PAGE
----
# Badly designed elevator buttons are costing the businesses in my building £750,000 a year

Last week I started renting a desk on the first floor at WeWork Moorgate (a coworking space) and within a couple of hours I’d noticed a problem:

The lifts (or elevators depending on which side of the pond you hail from) are those fancy new ones where you enter the floor on a touchpad before you get in. The trouble is, the tap targets on the buttons are just a bit too small.

That’s right, this is a story about tap targets. Tap targets!

Every time I’d try to call the lift I’d accidentally select at least one other floor and then would have to suffer the shame of the lift going the other direction stopping and everyone inside glaring at me as no-one got in.

For a bit of fun over lunch (yes, this is how I have fun) I decided to try and figure out how much time is being wasted waiting for these inadvertently called lifts due to the fiddly buttons.

This is very much a back of an envelope calculation with a bunch of assumptions so take it with a pinch of salt.

Caveats registered, let’s begin.

First we know that there are roughly 2,400 people in the building. This roughly equates to 9,600 lift journeys a day (arriving, leaving and going for lunch) as very few people have desks on the ground floor.

The capacity of the lifts in the building is 20 people and while they’re pretty full a lot of the time sometimes you’ll get the odd solo journey. I’m therefore assuming that when a lift is running on average there’s 6 people in the lift at any one time and 6 people waiting for it on another floor.

If the floor destination of the people in the lift is uniformly distributed (unlikely as I’m sure the density of desks on 7 is higher) then on average half of the people will experience the unnecessary stop i.e. 3 people.

All of the people waiting for the lift will be delayed by the unnecessary stop adding another six so we have a total of 9 people affected when the wrong button is pressed.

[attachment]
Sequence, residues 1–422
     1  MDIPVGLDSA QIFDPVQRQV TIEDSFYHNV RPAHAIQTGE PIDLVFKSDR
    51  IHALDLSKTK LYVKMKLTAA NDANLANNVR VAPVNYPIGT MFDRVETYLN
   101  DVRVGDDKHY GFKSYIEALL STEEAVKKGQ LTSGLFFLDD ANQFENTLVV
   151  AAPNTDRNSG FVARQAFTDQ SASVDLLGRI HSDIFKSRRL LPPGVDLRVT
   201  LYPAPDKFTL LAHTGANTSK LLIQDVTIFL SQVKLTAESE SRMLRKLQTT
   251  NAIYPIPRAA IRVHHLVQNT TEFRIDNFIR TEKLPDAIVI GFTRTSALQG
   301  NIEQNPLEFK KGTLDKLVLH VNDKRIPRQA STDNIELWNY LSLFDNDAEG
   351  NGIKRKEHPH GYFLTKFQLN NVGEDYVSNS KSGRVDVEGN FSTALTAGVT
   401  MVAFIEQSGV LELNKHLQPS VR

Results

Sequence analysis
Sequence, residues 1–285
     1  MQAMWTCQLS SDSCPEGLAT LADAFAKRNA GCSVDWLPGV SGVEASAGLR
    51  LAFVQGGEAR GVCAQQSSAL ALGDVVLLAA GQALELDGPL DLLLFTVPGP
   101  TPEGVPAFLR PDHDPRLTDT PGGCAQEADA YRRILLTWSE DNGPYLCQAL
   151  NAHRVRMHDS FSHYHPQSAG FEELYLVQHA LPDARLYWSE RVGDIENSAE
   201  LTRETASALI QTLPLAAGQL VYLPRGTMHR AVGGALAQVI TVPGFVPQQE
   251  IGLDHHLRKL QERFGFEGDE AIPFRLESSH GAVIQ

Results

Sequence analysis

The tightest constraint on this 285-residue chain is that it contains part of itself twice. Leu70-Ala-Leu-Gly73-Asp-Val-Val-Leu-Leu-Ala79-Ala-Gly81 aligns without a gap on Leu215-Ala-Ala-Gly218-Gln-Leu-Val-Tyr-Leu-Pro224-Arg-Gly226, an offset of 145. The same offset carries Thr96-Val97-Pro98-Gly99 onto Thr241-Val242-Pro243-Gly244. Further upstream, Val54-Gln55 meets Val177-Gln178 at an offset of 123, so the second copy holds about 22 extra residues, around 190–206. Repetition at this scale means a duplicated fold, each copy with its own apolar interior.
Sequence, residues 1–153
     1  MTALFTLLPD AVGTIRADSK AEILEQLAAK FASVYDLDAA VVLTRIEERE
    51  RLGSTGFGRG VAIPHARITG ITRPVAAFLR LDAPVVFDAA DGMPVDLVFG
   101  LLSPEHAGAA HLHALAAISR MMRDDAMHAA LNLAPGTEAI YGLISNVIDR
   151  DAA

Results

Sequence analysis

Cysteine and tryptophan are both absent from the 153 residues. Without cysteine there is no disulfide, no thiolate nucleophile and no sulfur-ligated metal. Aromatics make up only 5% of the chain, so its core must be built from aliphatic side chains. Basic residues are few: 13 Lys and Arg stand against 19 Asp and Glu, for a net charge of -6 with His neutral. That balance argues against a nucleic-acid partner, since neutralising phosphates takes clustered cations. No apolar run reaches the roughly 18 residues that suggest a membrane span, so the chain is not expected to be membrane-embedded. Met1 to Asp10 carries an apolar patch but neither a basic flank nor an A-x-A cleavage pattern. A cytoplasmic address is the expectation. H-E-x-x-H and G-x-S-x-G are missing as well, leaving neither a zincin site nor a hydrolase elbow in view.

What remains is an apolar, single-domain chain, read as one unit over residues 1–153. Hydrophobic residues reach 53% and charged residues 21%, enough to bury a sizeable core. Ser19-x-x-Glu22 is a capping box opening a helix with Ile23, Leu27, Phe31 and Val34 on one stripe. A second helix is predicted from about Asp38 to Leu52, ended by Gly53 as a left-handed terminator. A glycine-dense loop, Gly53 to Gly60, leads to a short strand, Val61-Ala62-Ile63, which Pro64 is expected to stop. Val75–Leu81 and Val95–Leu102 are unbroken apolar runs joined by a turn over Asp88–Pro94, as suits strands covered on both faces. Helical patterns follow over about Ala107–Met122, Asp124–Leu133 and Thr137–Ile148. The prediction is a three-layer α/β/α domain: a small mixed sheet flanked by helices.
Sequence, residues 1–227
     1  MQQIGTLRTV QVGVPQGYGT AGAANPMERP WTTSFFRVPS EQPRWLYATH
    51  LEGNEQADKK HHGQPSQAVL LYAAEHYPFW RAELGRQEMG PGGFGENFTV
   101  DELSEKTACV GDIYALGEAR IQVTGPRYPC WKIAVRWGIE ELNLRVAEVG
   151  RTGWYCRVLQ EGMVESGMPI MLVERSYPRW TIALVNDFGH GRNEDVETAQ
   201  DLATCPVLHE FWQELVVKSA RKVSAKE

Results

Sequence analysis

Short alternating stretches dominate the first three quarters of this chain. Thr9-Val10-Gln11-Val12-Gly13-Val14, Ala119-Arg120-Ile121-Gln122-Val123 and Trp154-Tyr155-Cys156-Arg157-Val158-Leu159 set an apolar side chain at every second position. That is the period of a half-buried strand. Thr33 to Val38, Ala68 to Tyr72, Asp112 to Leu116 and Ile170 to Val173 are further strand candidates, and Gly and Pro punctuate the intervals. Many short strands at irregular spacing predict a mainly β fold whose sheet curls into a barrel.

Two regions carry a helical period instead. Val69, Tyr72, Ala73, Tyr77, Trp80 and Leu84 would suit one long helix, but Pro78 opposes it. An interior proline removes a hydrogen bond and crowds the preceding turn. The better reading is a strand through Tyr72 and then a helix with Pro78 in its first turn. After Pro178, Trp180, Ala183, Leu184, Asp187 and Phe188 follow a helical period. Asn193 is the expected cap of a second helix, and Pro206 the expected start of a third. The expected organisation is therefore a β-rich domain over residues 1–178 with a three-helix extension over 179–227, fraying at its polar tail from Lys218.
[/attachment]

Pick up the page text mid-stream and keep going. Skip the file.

We can assume that roughly 1 in 5 lift journeys include an unwanted stop due to the touchpad (in my experience it’s more like 1 in 2 but I probably just have fat fingers). This means that roughly 2,880 people per day end up waiting either in or for a lift due to a wrong button being pressed.

If we assume that the extra stop makes the journey 20 seconds longer then as a building people are spending an extra 16 hours a day uneccesarily waiting for lifts. That’s already pretty shocking but if you think that most people work around 200 days a year that means that a staggering 133 days a year is lost from WeWork Moorgate because of the lift buttons.

As I mentioned earlier there are 2,400 people in the building, who if they followed the same 9am – 5pm, 200 days a year work pattern would work 3.84 million hours a year. That means that roughly 0.083% of time in WeWork Moorgate is wasted waiting for wrongly called lifts.

We know the average turnover of a UK business in London is £560,000. It’s likely that the businesses in WeWork Moorgate are a bit smaller than this but there’s no figures for them and the office do contain the London division of two European unicorns - BlaBlaCar and Skyscanner so maybe it all comes out in the wash.

Assuming that WeWork Moorgate isn’t too far from the London average we can use the fact that 0.083% of the time spent in the building is wasted on waiting for wrongly called lifts and that there are 1600 companies in the building to calculate that the slightly-too-small tap targets are costing the businesses based here a whopping £743,680 a year.

I guess they really should fix those buttons.

Anyway, just a bit of fun — feel free to poke holes in my numbers and assumptions. Also, WeWork have already been in touch with the lift contrator about fixing the buttons so I’ll be expecting my 10% cut any day…

Want to know more? Say hi @tomhewitson on Twitter or at www.tomhewitson.com
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